A few posts back, I wrote about self image being the most important limiter of a child’s ability. There are actually four limiters, as presented by Bill Starr in that lecture I attended so many years ago at Mid South-East Suzuki Institute. If this post seems a little awkward or disjointed, it’s because I am still formulating and processing thoughts into a coherent order, and am not at all sure that I am right. About any of this. Anyway, the second limiter on his list was this: lack of interest.
Lack of interest, to me, generally indicates boredom or fear. Before I start though, I need to make it abundantly clear that this is not a parent slamfest. It is, however, something that I have observed over the years. It is what it is. Thinking it is easy. Saying it is not difficult. Writing it, however, is another story entirely.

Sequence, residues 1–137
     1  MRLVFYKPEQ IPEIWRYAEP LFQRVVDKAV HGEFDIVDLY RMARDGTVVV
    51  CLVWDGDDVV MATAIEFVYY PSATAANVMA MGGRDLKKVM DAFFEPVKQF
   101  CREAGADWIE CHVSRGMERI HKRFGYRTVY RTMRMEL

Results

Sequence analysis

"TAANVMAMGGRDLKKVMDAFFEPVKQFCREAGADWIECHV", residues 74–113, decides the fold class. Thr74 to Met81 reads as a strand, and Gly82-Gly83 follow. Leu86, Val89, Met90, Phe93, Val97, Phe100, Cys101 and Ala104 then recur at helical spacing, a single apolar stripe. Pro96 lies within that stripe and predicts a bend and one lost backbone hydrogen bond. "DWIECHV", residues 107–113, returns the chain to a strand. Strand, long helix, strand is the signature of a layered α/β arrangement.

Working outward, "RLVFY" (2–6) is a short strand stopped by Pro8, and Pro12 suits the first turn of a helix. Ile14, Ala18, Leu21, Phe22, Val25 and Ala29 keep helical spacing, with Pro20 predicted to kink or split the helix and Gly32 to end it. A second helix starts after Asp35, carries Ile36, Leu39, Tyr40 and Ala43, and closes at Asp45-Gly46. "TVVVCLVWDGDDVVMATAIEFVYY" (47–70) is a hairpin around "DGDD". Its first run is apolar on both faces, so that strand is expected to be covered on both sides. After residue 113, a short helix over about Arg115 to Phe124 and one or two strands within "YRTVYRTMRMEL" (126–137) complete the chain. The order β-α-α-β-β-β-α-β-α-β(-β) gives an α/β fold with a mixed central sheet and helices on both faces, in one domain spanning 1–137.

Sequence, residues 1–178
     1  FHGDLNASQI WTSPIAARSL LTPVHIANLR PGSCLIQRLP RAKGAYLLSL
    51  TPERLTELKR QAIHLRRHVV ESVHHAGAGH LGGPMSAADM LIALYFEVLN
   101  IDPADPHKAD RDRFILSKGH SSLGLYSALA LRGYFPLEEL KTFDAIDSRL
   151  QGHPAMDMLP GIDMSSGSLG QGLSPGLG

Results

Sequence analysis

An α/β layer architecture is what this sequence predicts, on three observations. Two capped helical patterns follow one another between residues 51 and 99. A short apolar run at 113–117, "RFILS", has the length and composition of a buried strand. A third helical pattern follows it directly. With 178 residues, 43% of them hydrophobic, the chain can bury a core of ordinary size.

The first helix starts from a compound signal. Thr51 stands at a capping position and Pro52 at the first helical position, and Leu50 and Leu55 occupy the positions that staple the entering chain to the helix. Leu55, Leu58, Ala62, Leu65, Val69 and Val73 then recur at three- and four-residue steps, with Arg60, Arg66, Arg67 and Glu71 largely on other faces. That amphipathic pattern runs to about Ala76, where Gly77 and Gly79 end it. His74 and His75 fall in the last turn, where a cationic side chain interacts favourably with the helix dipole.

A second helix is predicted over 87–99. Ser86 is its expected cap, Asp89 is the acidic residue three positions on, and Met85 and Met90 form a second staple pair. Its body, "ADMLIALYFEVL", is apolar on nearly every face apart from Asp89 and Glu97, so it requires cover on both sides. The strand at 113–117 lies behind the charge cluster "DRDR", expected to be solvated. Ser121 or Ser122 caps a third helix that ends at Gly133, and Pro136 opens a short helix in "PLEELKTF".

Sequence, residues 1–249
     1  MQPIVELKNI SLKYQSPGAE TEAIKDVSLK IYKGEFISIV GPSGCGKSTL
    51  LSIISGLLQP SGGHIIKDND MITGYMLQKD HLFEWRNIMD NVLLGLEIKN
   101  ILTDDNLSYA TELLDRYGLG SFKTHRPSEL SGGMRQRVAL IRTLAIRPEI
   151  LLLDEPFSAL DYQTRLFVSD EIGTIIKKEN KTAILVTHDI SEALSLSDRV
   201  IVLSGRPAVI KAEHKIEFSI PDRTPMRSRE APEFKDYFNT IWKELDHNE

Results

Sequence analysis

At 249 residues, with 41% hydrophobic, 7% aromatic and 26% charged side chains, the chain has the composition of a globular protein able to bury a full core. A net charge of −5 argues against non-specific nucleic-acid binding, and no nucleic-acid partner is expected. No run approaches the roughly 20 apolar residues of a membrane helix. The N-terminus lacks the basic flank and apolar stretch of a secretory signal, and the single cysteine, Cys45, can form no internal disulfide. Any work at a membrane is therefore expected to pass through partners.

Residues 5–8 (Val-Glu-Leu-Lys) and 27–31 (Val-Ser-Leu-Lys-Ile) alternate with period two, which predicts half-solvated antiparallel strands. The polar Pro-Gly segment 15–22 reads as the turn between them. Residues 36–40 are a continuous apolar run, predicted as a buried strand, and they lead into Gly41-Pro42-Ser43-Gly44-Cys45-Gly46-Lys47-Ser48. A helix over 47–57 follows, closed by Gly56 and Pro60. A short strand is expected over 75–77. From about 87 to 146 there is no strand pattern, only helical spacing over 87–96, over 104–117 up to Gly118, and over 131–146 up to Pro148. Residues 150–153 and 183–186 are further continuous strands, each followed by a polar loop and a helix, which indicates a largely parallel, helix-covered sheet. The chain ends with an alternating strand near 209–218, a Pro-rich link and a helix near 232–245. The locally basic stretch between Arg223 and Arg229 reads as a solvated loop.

It seems that American child-rearing philosophy the past twenty years or so has done a complete 180, from “do it because I said to” to giving the child both too much choice and complete veto power. Many Very Smart People have researched the reasons for the change and it is interesting stuff. Not that there is anything inherently wrong with giving children choices, but it just seems awfully coincidental to me that this combination has actually caused more harm than good in terms of self-image — financially, socially, and psychologically — for many people. It appears to have directly contributed to the selfish and annoying “me” philosophy that has pervaded our country’s youngest generations. Interestingly, many parents steadfastly refuse to acknowledge when their kids are the ones who are behaving that way, even going so far as to make excuses for it: they didn’t have the opportunity, if only someone else had done their part, we couldn’t, we didn’t, we can’t. The concept of personal responsibility, both in terms of parenting and teaching a child to make good decisions, has been excised from our vocabulary, except when it involves the judicial system.